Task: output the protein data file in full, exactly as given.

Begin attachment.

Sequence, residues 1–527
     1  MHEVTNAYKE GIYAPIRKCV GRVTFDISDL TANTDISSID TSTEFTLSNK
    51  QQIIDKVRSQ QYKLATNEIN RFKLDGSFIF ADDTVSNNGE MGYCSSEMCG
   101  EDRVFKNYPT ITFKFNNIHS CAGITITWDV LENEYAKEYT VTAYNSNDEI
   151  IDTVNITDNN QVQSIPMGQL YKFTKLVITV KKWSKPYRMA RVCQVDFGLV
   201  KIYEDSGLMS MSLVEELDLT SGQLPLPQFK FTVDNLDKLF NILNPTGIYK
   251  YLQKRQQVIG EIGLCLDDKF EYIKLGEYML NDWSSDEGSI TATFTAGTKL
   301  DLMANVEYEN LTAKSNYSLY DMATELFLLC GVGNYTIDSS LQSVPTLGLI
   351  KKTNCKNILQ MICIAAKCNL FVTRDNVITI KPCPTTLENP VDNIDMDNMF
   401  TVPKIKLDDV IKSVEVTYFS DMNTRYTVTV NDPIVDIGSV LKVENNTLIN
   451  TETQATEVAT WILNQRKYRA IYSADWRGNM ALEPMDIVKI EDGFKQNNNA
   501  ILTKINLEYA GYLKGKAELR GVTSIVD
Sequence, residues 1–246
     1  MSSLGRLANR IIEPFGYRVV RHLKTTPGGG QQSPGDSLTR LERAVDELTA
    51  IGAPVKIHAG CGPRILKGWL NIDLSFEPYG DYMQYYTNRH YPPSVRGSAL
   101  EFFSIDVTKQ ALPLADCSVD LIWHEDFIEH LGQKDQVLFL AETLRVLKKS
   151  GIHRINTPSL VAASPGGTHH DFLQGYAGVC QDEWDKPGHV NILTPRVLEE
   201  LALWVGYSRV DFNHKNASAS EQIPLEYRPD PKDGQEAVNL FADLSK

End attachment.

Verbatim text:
Sequence, residues 1–527
     1  MHEVTNAYKE GIYAPIRKCV GRVTFDISDL TANTDISSID TSTEFTLSNK
    51  QQIIDKVRSQ QYKLATNEIN RFKLDGSFIF ADDTVSNNGE MGYCSSEMCG
   101  EDRVFKNYPT ITFKFNNIHS CAGITITWDV LENEYAKEYT VTAYNSNDEI
   151  IDTVNITDNN QVQSIPMGQL YKFTKLVITV KKWSKPYRMA RVCQVDFGLV
   201  KIYEDSGLMS MSLVEELDLT SGQLPLPQFK FTVDNLDKLF NILNPTGIYK
   251  YLQKRQQVIG EIGLCLDDKF EYIKLGEYML NDWSSDEGSI TATFTAGTKL
   301  DLMANVEYEN LTAKSNYSLY DMATELFLLC GVGNYTIDSS LQSVPTLGLI
   351  KKTNCKNILQ MICIAAKCNL FVTRDNVITI KPCPTTLENP VDNIDMDNMF
   401  TVPKIKLDDV IKSVEVTYFS DMNTRYTVTV NDPIVDIGSV LKVENNTLIN
   451  TETQATEVAT WILNQRKYRA IYSADWRGNM ALEPMDIVKI EDGFKQNNNA
   501  ILTKINLEYA GYLKGKAELR GVTSIVD
Sequence, residues 1–246
     1  MSSLGRLANR IIEPFGYRVV RHLKTTPGGG QQSPGDSLTR LERAVDELTA
    51  IGAPVKIHAG CGPRILKGWL NIDLSFEPYG DYMQYYTNRH YPPSVRGSAL
   101  EFFSIDVTKQ ALPLADCSVD LIWHEDFIEH LGQKDQVLFL AETLRVLKKS
   151  GIHRINTPSL VAASPGGTHH DFLQGYAGVC QDEWDKPGHV NILTPRVLEE
   201  LALWVGYSRV DFNHKNASAS EQIPLEYRPD PKDGQEAVNL FADLSK